Research shows children with level-headed mothers are less likely to develop behavior issues
PROVO, Utah — Even-keeled mothers who possess a strong ability to control their emotions and calmly come up with effective problem-solving strategies on the fly are less likely to have children who throw tantrums, fight with others, or exhibit other behavioral issues throughout their lives, a new study finds.
“When you lose control of your life, that impacts how you parent,” says Ali Crandall, an assistant professor of public health at Brigham Young University, in a release. “That chaos both directly and indirectly influences your child’s behavior.”
Crandall, along with researchers from Johns Hopkins and Virginia Tech universities collaborated to study the habits of 152 mothers with young children (between ages 3 and 7). Participants completed questionnaires surveying their ability to keep it together during stressful moments. Questions polled them on the frequency of “angry outbursts” and moments they “overreact to small problems.”
Executive functioning — which oversees how one problem-solves, plans and organizes, caters to goals, and manages chaos — was also measured through various tasks. Overall attitudes toward parenting, frequency of harsh verbal spats with their kids, and the children’s behavior were also surveyed.
The authors found that the moms who were most level-headed when it came to keeping their emotions in check were less likely to speak to their children in a harsh fashion. Prior research has linked harsh maternal parenting to child behavior issues.
Similarly, those who held onto their wits and kept control cognitively also demonstrated less controlling parenting attitudes, which the authors say is also strongly associated with a child’s conduct.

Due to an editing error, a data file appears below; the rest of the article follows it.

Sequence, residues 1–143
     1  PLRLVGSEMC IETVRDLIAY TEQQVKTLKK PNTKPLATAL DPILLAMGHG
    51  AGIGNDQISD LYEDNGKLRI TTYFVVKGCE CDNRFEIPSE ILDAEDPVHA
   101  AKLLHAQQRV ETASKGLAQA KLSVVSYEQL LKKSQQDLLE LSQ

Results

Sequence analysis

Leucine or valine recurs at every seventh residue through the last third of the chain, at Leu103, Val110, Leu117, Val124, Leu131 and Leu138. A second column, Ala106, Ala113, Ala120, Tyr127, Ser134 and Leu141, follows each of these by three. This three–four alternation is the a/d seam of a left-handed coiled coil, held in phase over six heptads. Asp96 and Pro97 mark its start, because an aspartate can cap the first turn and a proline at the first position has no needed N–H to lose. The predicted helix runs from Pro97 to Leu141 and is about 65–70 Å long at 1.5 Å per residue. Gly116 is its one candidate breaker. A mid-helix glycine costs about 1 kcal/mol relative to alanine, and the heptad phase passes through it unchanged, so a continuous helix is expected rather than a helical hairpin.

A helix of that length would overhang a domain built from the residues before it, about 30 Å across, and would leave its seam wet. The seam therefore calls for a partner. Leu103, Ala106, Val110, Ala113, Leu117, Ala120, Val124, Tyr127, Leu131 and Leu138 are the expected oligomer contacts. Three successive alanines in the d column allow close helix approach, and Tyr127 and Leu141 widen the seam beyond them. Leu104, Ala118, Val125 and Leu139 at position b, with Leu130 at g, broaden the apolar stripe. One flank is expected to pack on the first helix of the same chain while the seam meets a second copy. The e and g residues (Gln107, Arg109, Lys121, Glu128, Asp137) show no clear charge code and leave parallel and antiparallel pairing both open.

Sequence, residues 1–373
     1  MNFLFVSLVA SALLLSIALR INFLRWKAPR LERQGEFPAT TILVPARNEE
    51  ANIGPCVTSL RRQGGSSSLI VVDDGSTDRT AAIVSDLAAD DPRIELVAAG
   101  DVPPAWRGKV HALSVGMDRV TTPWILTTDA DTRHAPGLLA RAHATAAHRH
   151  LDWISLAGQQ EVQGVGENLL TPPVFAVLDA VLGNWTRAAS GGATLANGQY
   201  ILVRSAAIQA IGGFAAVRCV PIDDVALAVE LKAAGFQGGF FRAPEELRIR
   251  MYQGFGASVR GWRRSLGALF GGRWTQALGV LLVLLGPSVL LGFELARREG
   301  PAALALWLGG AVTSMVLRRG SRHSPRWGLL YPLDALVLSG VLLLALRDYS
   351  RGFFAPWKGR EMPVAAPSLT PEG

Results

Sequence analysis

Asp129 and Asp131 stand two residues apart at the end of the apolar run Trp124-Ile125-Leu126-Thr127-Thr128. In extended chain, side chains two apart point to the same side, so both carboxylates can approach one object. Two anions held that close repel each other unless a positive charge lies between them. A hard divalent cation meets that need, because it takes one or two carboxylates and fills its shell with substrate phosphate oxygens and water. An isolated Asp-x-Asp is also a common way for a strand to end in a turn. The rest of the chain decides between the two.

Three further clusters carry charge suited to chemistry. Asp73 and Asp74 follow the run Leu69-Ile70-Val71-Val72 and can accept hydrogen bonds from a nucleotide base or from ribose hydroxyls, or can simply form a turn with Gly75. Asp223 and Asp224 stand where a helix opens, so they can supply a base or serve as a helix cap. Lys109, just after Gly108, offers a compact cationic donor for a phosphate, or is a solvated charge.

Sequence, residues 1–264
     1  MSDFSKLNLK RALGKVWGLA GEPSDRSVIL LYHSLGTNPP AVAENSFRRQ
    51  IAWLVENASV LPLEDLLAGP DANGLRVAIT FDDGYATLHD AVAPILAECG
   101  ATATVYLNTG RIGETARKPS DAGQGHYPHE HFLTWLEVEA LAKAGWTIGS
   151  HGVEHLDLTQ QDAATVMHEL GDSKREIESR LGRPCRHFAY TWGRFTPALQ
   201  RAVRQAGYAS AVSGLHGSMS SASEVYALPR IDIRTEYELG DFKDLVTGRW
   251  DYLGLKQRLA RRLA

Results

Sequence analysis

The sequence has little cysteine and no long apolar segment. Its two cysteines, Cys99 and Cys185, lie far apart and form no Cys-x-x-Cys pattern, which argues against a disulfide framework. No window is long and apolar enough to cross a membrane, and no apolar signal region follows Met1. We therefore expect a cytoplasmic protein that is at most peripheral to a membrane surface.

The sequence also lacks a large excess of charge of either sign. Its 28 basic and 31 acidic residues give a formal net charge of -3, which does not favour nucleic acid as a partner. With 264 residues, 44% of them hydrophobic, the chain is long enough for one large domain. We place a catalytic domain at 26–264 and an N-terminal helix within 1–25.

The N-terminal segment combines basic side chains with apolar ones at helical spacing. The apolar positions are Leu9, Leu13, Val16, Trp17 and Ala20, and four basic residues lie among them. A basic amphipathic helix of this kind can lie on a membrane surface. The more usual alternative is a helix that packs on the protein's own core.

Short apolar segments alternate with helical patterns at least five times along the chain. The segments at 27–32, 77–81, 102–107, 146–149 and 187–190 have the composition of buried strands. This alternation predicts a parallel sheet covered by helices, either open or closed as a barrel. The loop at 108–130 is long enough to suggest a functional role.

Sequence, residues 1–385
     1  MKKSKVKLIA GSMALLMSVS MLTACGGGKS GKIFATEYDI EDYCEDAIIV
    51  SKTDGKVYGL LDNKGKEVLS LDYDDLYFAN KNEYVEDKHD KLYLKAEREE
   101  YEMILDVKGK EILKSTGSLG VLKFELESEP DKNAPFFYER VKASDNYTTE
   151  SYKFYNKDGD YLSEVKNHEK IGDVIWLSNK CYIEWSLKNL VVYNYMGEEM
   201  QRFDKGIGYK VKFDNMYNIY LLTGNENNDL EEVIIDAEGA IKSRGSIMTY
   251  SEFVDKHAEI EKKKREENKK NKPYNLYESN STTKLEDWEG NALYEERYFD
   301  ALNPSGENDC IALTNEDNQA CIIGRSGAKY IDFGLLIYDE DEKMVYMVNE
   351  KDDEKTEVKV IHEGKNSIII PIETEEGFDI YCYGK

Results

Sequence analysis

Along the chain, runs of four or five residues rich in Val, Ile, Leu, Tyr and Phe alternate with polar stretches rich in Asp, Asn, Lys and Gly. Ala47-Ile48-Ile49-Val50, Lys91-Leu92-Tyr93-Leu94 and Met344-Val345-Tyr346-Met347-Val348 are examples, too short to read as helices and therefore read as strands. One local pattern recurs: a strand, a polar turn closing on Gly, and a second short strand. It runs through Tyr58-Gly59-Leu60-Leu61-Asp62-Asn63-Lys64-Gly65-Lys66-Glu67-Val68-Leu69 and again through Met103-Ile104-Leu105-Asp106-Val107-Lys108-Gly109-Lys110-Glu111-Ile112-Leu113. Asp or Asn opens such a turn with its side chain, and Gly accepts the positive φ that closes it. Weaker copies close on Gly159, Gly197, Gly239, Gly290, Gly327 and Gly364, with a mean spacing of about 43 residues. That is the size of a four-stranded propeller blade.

The study showed that high-strung mothers were more likely to see their children throw fits when they didn’t get what they wanted or exhibit poor behavior towards other children when stressed. They were also more prone to viewing challenging behavior from kids in a highly negative light, causing them to lose control. To lessen the chances of such outbursts for both mom and child, women who get easily wound up should seek out methods to better control their emotions and own behavior when tough situations. Being more aware of physiological stress signals when they occur can help keep a situation from going haywire.
“There are some clear ‘signals’ that our supply of self control is being run down — when we are feeling distracted, irritable, and tired,” adds study co-author Kirby Deater-Deckard, professor of psychological and brain sciences at the University of Massachusetts Amherst. “Parents can practice recognizing these signals in themselves when they are occurring, and respond by taking a ‘time out’ if at all possible — just as we might do with our child when we notice these signals in them.”
Of course, taking care of your body is an easy way to develop healthy behaviors, says Crandall.
“Getting enough sleep, exercising enough and eating well are all things that impact our executive functioning,” she says. “We should create healthy environments that help us operate at our best.”
The full study was published May 25, 2018 in the journal Family Relations.
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